Even now that I am a child of God, my job is that of a child. God continues to take on all the work and responsibility. God does give me rules that are designed to keep me safe and I should follow them because things will go better for me if I do, but God doesn’t love me because I follow those rules. They are for my benefit, not for my acceptance. I still have a hard time remembering and believing that on a regular basis, but, like a child, I can rest in the fact that God will take care of everything.

Saturday, February 25, 2017

The Great Room Swap of 2017

The girls are switching bedrooms.

L's room is right over our bedroom and so we're regularly treated to thumps and bangs above our heads. K is quieter and moving out in a few months for college, so I bribed them to switch rooms by offering mini makeovers. I had promised we would work on this over their school's winter break and the time has arrived.

The had all kinds of plans and ideas and were checking out Pinterest. Look at this! Oh, this is so cute!

Then I brought them back to reality. They could negotiate between themselves as to who gets what furniture, but I'm not buying any. There are 3 beds, 2 dressers, 2 desks, numerous cabinets and shelves. Plenty to accommodate their needs without adding anything new from Ikea.

Then I gave them each a fixed budget. Everything they need or want has to come out of that budget and I am accounting for every single penny. The only thing I agreed to buy that didn't count against their budgets was paint.

At first they were all, "Yea! So much money!" Then they started looking at how much the stuff they wanted cost and suddenly they realized that the money wasn't going to keep up with their imaginations. They had decided to switch beds so they both need new bedding, which is more expensive than you think. Wall decor? Expensive. Shelves? Expensive. Even if you settle for the cheaper options, they still add up quickly.

It's been fun watching them figure out what they're willing to spend money on. We wandered around Target yesterday and a number of things went into the cart only to come right back out. Today, we spent several hours spray painting desk legs and bulletin boards and lamps because the girls realized that it's cheaper to paint your old things than buy new ones. And I had agreed to pay for paint.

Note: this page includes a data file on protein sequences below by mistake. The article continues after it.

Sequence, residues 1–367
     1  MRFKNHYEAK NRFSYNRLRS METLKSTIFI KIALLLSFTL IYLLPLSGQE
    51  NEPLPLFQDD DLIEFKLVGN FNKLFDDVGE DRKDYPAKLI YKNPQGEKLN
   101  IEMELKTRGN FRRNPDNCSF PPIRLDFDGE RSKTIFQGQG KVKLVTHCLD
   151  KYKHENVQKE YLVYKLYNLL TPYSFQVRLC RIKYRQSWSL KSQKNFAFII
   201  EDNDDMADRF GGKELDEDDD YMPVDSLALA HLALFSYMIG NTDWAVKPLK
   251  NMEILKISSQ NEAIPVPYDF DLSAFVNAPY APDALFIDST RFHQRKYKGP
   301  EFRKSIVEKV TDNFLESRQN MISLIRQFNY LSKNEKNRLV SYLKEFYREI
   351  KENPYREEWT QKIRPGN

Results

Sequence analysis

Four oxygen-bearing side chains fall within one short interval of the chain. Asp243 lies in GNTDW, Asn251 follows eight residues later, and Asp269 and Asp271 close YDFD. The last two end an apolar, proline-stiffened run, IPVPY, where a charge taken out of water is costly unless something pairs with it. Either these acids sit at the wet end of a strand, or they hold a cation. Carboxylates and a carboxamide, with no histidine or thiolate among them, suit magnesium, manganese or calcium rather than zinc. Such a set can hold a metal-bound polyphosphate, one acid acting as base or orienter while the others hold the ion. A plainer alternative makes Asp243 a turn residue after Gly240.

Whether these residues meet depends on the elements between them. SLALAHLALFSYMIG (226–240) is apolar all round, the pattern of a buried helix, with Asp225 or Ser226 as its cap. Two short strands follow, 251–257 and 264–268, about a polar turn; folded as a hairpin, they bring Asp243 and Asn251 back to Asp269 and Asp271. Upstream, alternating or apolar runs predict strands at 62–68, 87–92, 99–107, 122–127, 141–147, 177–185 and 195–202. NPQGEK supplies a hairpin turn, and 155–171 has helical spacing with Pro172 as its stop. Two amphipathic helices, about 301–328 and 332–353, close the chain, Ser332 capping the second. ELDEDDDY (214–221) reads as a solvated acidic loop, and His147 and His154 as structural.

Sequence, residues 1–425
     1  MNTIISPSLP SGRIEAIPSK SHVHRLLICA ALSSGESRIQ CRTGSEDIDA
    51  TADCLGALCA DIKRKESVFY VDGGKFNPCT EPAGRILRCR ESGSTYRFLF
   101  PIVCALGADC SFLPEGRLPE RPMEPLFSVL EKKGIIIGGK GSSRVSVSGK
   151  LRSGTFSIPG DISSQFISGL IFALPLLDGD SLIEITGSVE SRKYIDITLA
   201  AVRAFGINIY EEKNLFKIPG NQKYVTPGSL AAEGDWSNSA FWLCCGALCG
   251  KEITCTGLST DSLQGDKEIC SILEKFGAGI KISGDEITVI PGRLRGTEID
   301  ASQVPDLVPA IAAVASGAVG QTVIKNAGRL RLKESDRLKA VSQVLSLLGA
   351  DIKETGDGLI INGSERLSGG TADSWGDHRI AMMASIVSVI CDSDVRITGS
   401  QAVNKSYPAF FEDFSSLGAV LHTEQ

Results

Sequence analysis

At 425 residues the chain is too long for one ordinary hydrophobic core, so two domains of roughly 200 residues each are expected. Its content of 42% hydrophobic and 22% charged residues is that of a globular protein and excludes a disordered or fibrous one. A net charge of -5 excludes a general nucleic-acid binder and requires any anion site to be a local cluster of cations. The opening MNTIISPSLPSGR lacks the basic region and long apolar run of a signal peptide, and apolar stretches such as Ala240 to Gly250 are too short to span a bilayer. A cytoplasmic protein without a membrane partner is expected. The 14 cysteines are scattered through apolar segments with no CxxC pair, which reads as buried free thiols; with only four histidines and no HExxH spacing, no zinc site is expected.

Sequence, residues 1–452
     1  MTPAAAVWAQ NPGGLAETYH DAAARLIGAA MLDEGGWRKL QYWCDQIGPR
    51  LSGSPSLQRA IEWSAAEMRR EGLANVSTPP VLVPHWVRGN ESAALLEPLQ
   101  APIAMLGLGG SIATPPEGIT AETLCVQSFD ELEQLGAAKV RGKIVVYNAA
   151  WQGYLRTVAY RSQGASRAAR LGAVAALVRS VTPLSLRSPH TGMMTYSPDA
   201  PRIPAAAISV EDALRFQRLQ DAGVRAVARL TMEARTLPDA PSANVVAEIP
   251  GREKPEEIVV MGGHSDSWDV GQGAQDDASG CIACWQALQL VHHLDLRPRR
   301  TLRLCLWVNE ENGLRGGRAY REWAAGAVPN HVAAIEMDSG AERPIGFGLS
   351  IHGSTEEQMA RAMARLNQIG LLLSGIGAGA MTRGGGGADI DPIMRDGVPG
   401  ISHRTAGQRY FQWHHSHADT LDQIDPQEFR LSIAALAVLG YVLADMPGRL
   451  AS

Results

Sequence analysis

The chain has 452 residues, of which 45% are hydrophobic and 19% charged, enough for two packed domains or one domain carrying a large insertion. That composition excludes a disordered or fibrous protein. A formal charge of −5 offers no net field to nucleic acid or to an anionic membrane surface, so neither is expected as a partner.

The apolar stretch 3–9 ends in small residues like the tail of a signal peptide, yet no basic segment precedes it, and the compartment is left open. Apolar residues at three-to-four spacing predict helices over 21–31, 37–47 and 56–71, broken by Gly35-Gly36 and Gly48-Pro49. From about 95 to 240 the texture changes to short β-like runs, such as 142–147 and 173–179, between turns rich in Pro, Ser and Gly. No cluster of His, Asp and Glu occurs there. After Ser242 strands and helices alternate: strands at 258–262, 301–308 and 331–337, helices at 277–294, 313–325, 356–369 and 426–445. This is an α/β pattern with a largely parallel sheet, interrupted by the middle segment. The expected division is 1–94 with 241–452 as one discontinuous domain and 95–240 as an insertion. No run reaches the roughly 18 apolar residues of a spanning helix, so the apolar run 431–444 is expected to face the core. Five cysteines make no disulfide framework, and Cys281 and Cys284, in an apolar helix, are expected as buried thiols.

The room swap that I wanted and the makeovers that the girls wanted have turned into a valuable life lesson in finance, in weighing what you want versus what you're willing to live with, in being creative and doing things yourself in order to save money.

So far things are looking good. Lots of white and pale pink and gray. Tomorrow we'll finish prepping the rooms for paint - moving furniture, filling nail holes, covering trim with miles of painter tape. It's going to be a busy week!

Tuesday, July 5, 2016

Growing up, up, and away

It's 2016. Which means that my oldest child will turn 16 this fall.

16.

It's also going to be her senior year. Never content with ordinary, K has moved quickly through her school accomplishments and will be graduating early. When we first realized 5 years ago that K's projected graduation date would mean she would graduate at the age of 16, we made sure she understood that just because she was graduating at 16, did not mean we would automatically allow her to go off to college at 16. It would all depend on where she wanted to go, what she wanted to do, what the requirements of any scholarships or programs would require, and mostly whether we believed she was ready or not. After all, we have very vivid memories of our own time in college and we know what she's going into.

But here's the thing about K, she's a go getter. She's smart and she has sailed through this school stuff without getting stressed over being and doing everything. She has been involved in serving and leading in many different capacities at her school, but she also knows how to set boundaries and priorities and is comfortable stepping back and letting others lead. She's content letting others make their own choices while she sticks firmly to her own. She has known for ages what she wants to do with her life and has set a trajectory that will get her there.

Back in December, K forwarded me an email she received about a summer leadership program. I encouraged her to pursue it. Life is short and you should seize the opportunities that come your way. It was a daunting application process and there would be a whole lot of money she would have to raise to do it, but K dove in. She found people to be her nominator, her mentor, and to write recommendations. She planned fundraisers as she waited anxiously to hear if she had been accepted. They take only a very small number of participants each year and people apply from all over the country.